their study used this questionnaire to investigate the spelling errors factors. The data was collected
through 52 valid questionnaires from student in Don Bosco High and Preparatory School using
random sampling techniques. Four of these items were arranged on a four point Likert scale and the
other three items stated double-barrelled by grouping different topics in each item. The three items
in the original measurement has been divided into some items to measure a specific dimension.
Since this study will be conducted on a sample of Iraqi students in Malaysia.
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Therefore, this study adapted and modified the measurement of Miressa and Dumessa (2011) in
order to measure factors of Iraqi spelling errors. In addition, two items (5 and 6) from Ishii (2011)
have been also modified and adapted to measure factors of Iraqi spelling errors. Therefore, sixteen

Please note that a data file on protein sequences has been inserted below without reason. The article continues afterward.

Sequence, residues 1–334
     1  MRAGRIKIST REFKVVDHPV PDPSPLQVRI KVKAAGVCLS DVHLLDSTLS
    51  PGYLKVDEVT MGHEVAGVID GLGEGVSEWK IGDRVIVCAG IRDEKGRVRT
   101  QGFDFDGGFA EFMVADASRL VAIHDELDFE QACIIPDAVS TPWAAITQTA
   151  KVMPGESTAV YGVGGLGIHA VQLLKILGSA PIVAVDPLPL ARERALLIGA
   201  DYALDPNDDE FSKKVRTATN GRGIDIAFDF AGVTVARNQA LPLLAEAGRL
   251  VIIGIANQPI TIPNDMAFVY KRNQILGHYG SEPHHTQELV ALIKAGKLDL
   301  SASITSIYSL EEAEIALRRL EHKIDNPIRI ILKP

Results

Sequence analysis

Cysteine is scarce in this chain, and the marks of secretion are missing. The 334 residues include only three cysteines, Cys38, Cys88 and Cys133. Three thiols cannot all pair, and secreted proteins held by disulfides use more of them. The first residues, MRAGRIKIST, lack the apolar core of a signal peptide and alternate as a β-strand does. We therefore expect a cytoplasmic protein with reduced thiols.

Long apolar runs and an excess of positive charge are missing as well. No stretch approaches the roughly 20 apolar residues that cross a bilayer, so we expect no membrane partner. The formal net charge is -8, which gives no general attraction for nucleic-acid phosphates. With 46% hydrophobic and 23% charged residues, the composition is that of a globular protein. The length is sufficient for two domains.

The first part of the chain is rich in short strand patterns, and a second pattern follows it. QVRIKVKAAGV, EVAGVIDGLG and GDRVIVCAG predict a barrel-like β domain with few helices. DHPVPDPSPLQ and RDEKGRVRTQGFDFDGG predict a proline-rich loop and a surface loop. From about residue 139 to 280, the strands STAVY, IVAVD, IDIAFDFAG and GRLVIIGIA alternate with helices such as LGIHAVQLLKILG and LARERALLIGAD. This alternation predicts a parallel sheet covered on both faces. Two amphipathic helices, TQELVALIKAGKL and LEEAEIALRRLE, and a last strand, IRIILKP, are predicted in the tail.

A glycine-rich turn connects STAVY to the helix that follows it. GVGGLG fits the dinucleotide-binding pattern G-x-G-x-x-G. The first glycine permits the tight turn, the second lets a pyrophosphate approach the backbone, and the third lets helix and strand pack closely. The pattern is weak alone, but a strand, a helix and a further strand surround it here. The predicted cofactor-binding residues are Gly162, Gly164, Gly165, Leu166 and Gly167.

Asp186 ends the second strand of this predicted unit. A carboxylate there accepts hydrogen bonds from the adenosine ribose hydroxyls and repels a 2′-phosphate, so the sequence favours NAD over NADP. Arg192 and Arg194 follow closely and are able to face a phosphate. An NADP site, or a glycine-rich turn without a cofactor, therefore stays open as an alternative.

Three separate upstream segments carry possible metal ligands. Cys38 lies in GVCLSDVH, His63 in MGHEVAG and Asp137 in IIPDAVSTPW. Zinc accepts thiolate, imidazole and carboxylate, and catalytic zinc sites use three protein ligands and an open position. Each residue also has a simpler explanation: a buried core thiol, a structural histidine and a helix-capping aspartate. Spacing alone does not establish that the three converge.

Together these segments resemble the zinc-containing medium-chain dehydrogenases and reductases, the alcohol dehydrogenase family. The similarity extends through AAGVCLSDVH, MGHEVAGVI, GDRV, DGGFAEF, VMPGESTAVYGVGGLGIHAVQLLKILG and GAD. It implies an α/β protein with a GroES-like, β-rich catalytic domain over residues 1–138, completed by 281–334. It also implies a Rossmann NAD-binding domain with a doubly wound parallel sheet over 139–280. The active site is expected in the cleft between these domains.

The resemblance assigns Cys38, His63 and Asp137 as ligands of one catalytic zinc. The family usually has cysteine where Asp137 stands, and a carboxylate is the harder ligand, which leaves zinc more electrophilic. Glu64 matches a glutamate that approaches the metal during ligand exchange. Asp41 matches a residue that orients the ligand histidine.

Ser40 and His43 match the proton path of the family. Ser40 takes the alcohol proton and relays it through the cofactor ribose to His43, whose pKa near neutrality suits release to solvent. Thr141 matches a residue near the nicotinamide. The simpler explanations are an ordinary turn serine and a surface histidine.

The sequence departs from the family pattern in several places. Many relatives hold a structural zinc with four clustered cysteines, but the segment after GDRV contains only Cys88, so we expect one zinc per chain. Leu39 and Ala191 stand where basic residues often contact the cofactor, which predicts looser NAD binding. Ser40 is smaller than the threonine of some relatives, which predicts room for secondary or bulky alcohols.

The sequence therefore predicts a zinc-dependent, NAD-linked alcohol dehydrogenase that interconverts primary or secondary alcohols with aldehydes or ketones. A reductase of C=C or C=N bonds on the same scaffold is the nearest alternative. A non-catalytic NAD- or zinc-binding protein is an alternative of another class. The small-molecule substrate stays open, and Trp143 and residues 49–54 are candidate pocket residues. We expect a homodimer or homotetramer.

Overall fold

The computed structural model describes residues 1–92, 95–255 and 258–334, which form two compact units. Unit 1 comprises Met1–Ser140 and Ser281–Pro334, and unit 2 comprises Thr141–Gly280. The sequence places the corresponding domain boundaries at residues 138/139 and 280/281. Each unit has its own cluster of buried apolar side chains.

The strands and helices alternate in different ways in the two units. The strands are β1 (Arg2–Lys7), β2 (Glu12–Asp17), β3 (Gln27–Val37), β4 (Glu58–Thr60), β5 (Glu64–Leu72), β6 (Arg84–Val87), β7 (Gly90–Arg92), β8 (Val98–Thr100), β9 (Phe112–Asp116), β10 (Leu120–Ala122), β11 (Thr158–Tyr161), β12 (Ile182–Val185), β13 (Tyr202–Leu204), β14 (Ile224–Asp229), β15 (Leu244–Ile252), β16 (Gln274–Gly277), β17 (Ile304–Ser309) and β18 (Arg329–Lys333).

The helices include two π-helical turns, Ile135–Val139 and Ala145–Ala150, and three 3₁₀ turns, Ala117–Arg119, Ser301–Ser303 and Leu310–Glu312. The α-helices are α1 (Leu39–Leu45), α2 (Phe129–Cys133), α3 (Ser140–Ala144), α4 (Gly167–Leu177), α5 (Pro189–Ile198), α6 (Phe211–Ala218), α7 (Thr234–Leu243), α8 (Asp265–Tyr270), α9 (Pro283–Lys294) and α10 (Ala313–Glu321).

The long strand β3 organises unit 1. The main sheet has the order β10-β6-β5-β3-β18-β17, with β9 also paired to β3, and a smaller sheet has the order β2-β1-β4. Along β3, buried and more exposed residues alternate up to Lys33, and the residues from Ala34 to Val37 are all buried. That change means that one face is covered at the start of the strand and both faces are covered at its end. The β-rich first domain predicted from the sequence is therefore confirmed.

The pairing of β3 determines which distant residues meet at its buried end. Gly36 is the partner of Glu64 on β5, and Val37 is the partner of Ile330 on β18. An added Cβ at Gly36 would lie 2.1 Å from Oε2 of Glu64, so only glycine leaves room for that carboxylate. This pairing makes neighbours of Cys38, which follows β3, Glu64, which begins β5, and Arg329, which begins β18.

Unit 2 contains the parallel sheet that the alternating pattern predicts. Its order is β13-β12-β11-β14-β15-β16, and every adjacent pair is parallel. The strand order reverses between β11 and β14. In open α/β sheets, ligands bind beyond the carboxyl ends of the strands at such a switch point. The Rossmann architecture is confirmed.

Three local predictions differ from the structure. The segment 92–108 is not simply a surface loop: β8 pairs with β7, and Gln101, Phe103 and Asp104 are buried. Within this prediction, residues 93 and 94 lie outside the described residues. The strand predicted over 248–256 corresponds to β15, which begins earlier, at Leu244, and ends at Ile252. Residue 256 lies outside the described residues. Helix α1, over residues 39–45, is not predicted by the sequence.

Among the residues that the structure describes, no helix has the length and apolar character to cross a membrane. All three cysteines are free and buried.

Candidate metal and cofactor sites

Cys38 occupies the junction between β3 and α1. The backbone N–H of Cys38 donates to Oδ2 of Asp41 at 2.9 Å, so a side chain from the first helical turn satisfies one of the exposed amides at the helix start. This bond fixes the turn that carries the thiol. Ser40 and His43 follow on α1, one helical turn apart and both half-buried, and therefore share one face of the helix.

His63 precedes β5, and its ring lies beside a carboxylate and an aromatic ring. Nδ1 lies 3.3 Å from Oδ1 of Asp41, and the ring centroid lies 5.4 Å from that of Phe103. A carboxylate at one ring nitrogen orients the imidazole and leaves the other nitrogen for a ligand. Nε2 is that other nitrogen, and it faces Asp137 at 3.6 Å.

items have been adapted to measure reasons of spelling errors that Iraqi student commit in their
writing. Furthermore, the respondents were asked to rate on four Likert-type scale, one (never), two
(Some times), three (Usually), and four (Always).

The second instrument have been used to collect the data from the students is the writing task. In the
Arab context, Al-Jabri (2006) Al-Jabri (2006) used the classification of Cook (1999), and he
classified spelling errors with Omani students. Alhaisoni et al., (2015) also used the same
classification in their study in the purpose of investigated the types of spelling errors among Saudi
122 EFL students at the University of Ha’il in Saudi Arabia.

Furthermore, Al-Zuoud and K. Kabilan (2013) used the same classification in their study in the
purpose of analysing the spelling errors among 43 English language and literature university